(d) It is the express policy of this state to encourage that a child has continuing contact with parents and grandparents who have shown the ability to act in the best interest of the child and to encourage parents to share in the rights and responsibilities of raising their child after such parents have separated or dissolved their marriage or relationship.

(e) Upon the filing of an action for a change of child custody, the judge may in his or her discretion change the terms of custody on a temporary basis pending final judgment on such issue. Any such award of temporary custody shall not constitute an adjudication of the rights of the parties.

(f) (1) In any case in which a judgment awarding the custody of a child has been entered, the court entering such judgment shall retain jurisdiction of the case for the purpose of ordering the custodial parent to notify the court of any changes in the residence of the child.

(2) In any case in which visitation rights or parenting time has been provided to the noncustodial parent and the court orders that the custodial parent provide notice of a change in address of the place for pickup and delivery of the child for visitation or parenting time, the custodial parent shall notify the noncustodial parent, in writing, of any change in such address. Such written notification shall provide a street address or other description of the new location for pickup and delivery so that the noncustodial parent may exercise such parent’s visitation rights or parenting time.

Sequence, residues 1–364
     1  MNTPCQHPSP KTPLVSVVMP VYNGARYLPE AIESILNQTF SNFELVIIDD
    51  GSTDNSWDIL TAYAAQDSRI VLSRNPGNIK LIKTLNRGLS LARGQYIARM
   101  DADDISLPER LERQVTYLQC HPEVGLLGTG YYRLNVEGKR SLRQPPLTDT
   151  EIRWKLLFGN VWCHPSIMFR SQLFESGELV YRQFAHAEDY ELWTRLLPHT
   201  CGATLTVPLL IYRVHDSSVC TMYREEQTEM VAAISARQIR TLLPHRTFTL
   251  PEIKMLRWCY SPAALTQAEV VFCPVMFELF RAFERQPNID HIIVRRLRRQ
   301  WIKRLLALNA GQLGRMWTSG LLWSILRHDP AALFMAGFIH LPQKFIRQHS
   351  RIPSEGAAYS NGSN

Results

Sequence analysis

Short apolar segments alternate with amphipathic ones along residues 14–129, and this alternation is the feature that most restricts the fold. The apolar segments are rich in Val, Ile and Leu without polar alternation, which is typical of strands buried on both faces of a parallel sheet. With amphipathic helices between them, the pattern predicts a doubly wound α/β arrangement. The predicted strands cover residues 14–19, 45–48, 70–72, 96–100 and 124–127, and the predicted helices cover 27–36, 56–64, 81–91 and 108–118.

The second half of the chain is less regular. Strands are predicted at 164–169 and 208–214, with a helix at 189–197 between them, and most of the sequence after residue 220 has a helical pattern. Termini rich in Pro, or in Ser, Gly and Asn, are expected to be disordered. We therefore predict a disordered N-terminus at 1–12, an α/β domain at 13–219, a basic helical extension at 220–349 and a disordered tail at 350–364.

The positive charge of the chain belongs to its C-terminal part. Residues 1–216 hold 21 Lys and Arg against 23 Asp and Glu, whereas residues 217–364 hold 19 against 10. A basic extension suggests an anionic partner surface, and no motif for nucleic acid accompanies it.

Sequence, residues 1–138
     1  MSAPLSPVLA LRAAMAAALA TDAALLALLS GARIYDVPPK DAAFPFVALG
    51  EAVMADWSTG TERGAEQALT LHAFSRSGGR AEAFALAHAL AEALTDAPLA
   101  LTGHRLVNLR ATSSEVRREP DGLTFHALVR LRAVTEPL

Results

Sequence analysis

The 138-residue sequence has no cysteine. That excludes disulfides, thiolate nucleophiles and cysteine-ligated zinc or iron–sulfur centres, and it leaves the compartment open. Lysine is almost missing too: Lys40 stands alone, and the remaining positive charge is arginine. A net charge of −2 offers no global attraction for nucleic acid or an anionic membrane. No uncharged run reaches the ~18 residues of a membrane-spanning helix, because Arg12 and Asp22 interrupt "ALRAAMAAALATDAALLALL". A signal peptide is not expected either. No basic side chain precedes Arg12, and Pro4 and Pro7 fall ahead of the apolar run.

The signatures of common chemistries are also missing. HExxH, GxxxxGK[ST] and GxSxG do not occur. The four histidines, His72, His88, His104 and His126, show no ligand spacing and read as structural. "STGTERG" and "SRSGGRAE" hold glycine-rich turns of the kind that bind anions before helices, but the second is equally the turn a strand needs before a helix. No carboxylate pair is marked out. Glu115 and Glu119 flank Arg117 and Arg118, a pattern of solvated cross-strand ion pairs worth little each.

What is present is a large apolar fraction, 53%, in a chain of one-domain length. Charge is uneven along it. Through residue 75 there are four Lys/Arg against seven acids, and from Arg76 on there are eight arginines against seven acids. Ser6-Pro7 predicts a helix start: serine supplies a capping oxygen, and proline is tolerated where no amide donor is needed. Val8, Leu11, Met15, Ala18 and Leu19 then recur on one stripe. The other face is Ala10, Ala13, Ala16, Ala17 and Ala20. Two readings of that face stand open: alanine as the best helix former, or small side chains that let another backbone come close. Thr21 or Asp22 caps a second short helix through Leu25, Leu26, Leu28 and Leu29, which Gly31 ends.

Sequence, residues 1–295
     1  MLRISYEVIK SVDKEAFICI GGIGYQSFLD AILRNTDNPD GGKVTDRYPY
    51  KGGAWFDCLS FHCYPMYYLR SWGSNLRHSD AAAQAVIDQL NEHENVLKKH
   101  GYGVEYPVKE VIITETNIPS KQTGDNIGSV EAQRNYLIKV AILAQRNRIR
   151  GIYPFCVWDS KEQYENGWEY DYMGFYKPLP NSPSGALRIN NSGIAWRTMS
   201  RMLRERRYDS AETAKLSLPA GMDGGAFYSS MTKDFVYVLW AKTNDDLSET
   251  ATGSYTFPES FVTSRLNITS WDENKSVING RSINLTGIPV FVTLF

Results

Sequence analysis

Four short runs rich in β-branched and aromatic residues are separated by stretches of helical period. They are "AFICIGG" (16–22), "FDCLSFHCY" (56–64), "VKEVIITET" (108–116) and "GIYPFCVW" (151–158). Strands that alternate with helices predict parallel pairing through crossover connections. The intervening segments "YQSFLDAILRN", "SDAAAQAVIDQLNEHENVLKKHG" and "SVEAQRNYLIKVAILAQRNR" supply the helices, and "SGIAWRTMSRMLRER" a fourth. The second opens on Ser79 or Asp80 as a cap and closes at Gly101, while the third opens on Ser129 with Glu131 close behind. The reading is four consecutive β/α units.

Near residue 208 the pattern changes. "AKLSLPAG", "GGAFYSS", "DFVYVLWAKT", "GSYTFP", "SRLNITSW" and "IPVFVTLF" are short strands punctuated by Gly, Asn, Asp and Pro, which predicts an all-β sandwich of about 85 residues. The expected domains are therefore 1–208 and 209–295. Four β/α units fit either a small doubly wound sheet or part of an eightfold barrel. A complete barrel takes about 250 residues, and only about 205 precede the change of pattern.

(3) Except where otherwise provided by court order, in any case under this subsection in which a parent changes his or her residence, he or she must give notification of such change to the other parent and, if the parent changing residence is the custodial parent, to any other person granted visitation rights or parenting time under this title or a court order. Such notification shall be given at least 30 days prior to the anticipated change of residence and shall include the full address of the new residence.

(g) Except as provided in Code Section 19-6-2, and in addition to the attorney’s fee provisions contained in Code Section 19-6-15, the judge may order reasonable attorney’s fees and expenses of litigation, experts, and the child’s guardian ad litem and other costs of the child custody action and pretrial proceedings to be paid by the parties in proportions and at times determined by the judge. Attorney’s fees may be awarded at both the temporary hearing and the final hearing. A final judgment shall include the amount granted, whether the grant is in full or on account, which may be enforced by attachment for contempt of court or by writ of fieri facias, whether the parties subsequently reconcile or not. An attorney may bring an action in his or her own name to enforce a grant of attorney’s fees made pursuant to this subsection.

(h) In addition to filing requirements contained in Code Section 19-6-15, upon the conclusion of any proceeding under this article, the domestic relations final disposition form as set forth in Code Section 9-11-133 shall be filed.

Child Custody: A Complex Topic

child custody, atlanta, divocrce lawNo matter the age of the child, when parents have concerns about who should have custody of that child, things can become complicated. This is one of the top reasons that individuals search out the services of Naggiar and Sarif.